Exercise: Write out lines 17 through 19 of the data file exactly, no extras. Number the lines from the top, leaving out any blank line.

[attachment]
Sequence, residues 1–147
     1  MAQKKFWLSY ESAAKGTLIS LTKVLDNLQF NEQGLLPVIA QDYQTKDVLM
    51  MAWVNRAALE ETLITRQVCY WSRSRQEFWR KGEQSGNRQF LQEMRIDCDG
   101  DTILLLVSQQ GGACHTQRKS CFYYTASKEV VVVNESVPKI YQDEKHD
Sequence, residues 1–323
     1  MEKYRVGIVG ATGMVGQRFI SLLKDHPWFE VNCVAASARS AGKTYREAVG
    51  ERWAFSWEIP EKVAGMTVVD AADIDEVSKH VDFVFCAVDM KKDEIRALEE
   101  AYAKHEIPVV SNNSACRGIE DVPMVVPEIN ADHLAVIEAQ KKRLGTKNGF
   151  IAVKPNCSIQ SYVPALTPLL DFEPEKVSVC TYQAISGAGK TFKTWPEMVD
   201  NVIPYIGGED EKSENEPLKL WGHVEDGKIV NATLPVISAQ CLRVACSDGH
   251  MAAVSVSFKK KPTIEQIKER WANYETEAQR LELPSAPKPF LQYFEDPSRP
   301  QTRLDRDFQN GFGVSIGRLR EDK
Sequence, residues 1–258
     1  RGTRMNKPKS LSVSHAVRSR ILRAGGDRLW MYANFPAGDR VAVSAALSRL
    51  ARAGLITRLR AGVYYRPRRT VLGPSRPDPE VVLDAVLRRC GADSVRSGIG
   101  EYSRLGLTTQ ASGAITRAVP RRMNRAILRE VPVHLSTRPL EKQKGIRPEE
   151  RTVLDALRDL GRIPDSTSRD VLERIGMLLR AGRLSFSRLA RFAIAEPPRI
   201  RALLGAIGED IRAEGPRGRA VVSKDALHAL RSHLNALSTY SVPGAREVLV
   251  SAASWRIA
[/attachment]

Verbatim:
   151  RTVLDALRDL GRIPDSTSRD VLERIGMLLR AGRLSFSRLA RFAIAEPPRI
   201  RALLGAIGED IRAEGPRGRA VVSKDALHAL RSHLNALSTY SVPGAREVLV
   251  SAASWRIA